Presumed Innocent, based on the bestselling 1987 book by Scott Turow, is a compelling crime and legal whodunit—this time featuring the always-interesting Jake Gyllenhaal in its pivotal role. (It was also the subject of a 1990 movie starring Harrison Ford.)

But while this Apple TV+ limited series features strong performances and an engrossing plot, it’s just plain gross in other ways.

Remember, this story is predicated on acts of lurid sex and horrific violence, and Presumed Innocent is guilty of showing us plenty of both.

We don’t just hear about Rusty’s affair with Carolyn; we see it—frequently. The show stresses how passionate and aggressive the couple’s physical interactions were. And while Presumed Innocent avoids showing the most critical of body parts, it has no such qualms about wholesale skin exposure, including naked rear ends.

The aftermath is just as discomforting. Carolyn was killed by a blow to the head. And even before that killing stroke, her last moments seem to have been pretty appalling. When Rusty first arrives on the crime scene, a co-worker tells him, “You don’t want to go in there. It’s bad.” But no one makes any attempt to stop the Apple TV+ cameras from entering and scanning the corpse with close, clinical glee. While we don’t see the murder itself at this early juncture—obviously, the show aims to make us wonder if Rusty is guilty or not—its aftermath is seen repeatedly and, if you ask this reviewer, gratuitously.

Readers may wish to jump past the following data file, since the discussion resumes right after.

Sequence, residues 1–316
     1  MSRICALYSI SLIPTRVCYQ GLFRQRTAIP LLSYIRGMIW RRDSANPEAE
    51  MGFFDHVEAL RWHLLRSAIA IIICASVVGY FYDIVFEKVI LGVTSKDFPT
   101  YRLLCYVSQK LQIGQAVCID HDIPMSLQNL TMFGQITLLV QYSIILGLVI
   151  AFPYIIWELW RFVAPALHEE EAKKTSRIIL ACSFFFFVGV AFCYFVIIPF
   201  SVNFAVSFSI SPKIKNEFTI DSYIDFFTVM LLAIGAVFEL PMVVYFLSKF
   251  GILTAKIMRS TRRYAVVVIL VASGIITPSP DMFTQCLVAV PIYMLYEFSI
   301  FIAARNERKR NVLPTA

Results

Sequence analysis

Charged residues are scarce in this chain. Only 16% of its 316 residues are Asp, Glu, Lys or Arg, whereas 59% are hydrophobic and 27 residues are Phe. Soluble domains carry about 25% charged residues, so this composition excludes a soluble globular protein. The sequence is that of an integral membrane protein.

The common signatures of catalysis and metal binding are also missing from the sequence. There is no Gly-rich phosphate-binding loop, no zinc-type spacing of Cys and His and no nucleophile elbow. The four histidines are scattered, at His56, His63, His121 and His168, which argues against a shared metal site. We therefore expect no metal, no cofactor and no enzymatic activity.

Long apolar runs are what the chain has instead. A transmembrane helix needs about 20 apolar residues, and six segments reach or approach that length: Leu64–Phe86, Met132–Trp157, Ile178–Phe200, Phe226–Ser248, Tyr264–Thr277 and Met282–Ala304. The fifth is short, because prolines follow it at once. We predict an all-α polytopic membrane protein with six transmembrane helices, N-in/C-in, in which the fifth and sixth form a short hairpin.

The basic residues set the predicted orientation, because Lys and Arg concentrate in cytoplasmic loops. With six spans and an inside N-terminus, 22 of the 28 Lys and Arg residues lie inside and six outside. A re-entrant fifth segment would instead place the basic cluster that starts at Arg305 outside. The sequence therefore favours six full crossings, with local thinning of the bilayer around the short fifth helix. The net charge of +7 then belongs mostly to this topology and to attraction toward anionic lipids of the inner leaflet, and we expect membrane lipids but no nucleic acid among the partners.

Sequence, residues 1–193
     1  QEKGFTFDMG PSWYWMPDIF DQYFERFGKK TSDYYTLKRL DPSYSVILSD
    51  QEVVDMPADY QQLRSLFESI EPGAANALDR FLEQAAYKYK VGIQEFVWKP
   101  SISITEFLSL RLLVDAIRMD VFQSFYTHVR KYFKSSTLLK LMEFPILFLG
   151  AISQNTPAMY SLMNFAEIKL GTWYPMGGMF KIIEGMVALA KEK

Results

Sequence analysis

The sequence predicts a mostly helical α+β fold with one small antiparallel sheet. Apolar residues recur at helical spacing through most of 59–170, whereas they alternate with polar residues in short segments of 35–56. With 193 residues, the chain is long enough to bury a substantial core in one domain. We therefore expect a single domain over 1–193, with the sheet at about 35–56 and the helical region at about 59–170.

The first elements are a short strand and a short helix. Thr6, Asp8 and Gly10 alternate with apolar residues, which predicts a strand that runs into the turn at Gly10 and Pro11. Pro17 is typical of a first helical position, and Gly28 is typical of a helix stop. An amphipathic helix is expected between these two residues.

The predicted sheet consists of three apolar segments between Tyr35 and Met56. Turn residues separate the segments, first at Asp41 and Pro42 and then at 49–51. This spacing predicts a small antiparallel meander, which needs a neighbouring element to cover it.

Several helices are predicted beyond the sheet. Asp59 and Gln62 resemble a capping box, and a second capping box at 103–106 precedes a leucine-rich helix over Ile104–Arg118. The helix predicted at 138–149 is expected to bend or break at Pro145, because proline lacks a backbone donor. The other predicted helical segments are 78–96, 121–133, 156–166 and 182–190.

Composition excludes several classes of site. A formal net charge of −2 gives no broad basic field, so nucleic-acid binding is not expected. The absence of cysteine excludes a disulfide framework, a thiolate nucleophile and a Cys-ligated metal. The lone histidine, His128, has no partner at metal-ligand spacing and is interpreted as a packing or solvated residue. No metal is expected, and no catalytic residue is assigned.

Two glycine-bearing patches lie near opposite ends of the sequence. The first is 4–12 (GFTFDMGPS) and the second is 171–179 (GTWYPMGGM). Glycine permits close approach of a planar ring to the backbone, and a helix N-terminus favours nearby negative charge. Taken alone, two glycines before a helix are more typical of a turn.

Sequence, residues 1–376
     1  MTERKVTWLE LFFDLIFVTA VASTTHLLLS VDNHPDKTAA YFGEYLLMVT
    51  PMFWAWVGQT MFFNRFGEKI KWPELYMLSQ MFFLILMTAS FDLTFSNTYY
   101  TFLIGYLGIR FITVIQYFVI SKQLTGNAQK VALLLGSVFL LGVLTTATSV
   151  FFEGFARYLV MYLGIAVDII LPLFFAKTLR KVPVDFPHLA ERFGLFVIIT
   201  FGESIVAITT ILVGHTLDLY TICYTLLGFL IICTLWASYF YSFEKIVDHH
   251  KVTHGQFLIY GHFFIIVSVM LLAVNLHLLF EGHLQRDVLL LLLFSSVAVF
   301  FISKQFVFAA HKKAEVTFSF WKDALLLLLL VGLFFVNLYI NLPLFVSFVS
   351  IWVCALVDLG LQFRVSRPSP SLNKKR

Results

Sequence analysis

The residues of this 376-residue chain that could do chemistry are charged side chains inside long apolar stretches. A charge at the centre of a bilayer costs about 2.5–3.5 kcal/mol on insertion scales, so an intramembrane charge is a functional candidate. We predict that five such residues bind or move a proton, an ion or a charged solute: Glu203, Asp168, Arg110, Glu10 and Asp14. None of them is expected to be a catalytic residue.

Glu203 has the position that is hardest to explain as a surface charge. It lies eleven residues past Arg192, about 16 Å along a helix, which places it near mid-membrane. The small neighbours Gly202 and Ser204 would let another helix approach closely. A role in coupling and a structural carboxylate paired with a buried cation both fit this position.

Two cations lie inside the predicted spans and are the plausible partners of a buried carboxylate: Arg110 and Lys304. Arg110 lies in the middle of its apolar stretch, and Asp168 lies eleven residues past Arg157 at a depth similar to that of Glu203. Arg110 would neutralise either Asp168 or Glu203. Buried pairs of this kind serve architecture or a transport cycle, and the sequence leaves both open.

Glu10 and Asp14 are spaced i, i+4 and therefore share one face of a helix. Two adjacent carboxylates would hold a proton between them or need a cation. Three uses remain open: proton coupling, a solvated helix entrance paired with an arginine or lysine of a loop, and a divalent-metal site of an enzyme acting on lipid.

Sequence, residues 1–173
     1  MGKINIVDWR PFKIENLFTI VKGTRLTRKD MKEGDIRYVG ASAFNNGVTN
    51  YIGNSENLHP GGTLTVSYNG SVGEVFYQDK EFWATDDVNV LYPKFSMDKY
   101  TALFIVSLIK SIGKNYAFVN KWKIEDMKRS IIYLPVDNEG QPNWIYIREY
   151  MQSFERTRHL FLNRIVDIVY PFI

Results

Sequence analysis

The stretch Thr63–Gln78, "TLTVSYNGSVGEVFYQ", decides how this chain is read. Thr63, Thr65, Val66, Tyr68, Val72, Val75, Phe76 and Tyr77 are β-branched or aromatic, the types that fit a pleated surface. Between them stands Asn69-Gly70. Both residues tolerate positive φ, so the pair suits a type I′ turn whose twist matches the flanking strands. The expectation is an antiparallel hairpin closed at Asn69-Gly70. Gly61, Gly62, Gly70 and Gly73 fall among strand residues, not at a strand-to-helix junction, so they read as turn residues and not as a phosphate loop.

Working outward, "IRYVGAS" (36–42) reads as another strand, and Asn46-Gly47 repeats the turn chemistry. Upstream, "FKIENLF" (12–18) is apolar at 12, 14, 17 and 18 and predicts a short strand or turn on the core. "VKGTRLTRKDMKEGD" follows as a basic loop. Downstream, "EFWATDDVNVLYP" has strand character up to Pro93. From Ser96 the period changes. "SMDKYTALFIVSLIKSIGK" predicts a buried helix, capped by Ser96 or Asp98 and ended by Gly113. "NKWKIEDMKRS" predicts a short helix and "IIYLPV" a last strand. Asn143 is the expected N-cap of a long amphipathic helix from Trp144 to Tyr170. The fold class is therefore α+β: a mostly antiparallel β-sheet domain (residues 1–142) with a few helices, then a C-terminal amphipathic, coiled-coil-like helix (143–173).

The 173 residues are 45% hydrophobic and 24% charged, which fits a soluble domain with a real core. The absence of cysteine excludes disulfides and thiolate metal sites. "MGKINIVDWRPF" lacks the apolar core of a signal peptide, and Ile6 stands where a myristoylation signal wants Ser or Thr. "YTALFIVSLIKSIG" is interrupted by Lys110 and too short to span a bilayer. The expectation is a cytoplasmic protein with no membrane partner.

And the language? Well, it fits right in with the rest of it.

Presumed Innocent takes us into a tawdry and terrible story and plays it out on screen. And while the show seeks to keep us guessing over Rusty’s guilt or innocence, we can pass verdict on the show itself. And the evidence is right in front of our faces.

(Editor’s Note: Plugged In is rarely able to watch every episode of a given series for review. As such, there’s always a chance that you might see a problem that we didn’t. If you notice content that you feel should be included in our review, send us an email at [email protected], or contact us via Facebook or Instagram, and be sure to let us know the episode number, title and season so that we can check it out.)

Episode Reviews

June 12, 2024 – S1, E1: “Bases Loaded”